Three Feet High And Risin’

How high’s the water, mama?
Three feet high and risin’
How high’s the water, papa?
Three feet high and risin’

Well, the hives are gone,
I’ve lost my bees
The chickens are sleepin’
In the willow trees
Cow’s in water up past her knees,
Three feet high and risin’

– Johnny Cash, “Five Feet High And Rising”

I spent an hour on the telephone last night reassuring my mother in Edmonton that, despite what she was hearing on the news, the entirety of the Red River Valley wasn’t likely to end up washing ashore in Winnipeg. This afforded her some comfort. Undoubtedly the thought will likely provide some comfort to the wonderful folks in Winnipeg as well- I’m sure they’d put us up in a pinch but jacking the buildings square, and taking up residence wherever we came aground, would likely be pushing it a bit.

Ironically, the comfort I was providing my mother was provided to me the previous evening by my neighbor immediately to the north. We’re close enough to the Red River to be concerned, but the majority of our flooding is overland flooding from the opposite direction. Water from the Red might make it close enough to be a serious problem but flood water from our east is already here. And it’s running six inches deep over the highway a mile to our south.

Despite having lived in the area for eight years, and having worked my way through several floods during that time, this year has taken on some of the more disquieting aspects I associate with the 1997 flood. We were living in the valley at the time- but we weren’t living here.

The most water we’ve seen in the immediate area was not a result of the 1997 flood. Our benchmark was set in 2006. However, 2006 better resembled the spring floods we’re accustomed to and with that familiarity comes a sense of . . . empowerment. You know the water is coming, where the water is going to rise first, and what has to be accomplished, in what order, to keep the structures and livestock dry. 1997 was chaotic and, in areas too close to home, devastating.

My neighbor helped put things in perspective. We didn’t discuss what the river gauges are telling us, or what we were hearing on the news, but rather where the water was in relation to the floor of his chicken coop and workshop in ’97. We spoke about water levels in respect to the nails in his utility pole marking previous highs. And it was comforting as it allowed me to narrow my focus from “The Valley” to a much smaller area where my home is the center.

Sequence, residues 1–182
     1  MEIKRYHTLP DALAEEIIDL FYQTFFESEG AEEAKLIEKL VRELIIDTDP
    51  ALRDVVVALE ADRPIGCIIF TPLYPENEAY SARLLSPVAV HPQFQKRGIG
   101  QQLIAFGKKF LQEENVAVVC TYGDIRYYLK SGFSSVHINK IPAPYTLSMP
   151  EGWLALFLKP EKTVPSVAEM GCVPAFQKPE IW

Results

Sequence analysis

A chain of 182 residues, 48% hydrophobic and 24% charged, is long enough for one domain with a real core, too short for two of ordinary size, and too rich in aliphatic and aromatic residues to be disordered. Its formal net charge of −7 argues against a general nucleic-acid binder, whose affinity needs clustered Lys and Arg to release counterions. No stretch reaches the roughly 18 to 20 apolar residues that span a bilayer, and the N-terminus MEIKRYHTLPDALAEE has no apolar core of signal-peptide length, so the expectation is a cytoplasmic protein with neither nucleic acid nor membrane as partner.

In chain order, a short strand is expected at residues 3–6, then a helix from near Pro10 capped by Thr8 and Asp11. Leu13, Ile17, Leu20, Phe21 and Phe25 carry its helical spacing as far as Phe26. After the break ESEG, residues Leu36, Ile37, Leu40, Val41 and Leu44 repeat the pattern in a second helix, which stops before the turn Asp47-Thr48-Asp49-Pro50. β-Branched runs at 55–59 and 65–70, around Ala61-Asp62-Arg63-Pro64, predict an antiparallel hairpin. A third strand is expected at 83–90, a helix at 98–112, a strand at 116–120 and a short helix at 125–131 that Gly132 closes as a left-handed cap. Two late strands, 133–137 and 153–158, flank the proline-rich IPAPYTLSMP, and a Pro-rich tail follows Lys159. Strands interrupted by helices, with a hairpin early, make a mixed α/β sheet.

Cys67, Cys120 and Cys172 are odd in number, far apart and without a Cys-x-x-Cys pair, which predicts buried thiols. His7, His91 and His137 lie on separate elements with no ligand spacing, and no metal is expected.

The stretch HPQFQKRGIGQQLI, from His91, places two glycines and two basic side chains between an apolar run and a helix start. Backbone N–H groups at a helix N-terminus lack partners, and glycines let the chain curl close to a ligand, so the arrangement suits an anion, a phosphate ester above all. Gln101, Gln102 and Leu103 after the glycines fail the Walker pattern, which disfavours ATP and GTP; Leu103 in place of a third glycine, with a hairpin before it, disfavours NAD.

This isn’t meant to suggest that I’ve become complacent or unsympathetic to my more distant neighbors. I’m quite aware of the thought that, in the face of chaos, he may be entirely wrong in his expectations. But the conversation served the purpose as it curbed any potential for arm waving on my part. Arm waving is seldom a useful response in a crisis. This is particularly notable as stacking sand bags is a two handed affair. Been there. Done that.

And in the end, should we end up impinging on our neighbor’s hospitality to the north, there’s always the fact that the McDonald’s in Winnipeg has Poutine on the menu. I’d rather not have to make the trip, as part of a flotilla, just to treat myself to cheese curds and gravy on a large serving of fries; but it is worth a trip none-the-less.

Saturday, March 28th, 2009

The National Weather Service has updated the Red River crest at Grand Forks/East Grand Forks to 51 feet for Thursday, April 2nd. The historical crest is 54.35 ft on April 22nd, 1997 when both cities were inundated. Flood walls are in place.

With the closure of the bridge at Oslo, MN, the only open bridge across the Red, in the region, is between East Grand Forks and Grand Forks. The Kennedy bridge will be closed at 52 feet.

The historical crest for Fargo, ND and Moorhead, MN is 40.10 ft on April 7th, 1897. The river appears to have crested this morning at 40.82 feet. However there is a great deal of water coming yet from the south, forestalled by freezing weather, and tensions remain high.

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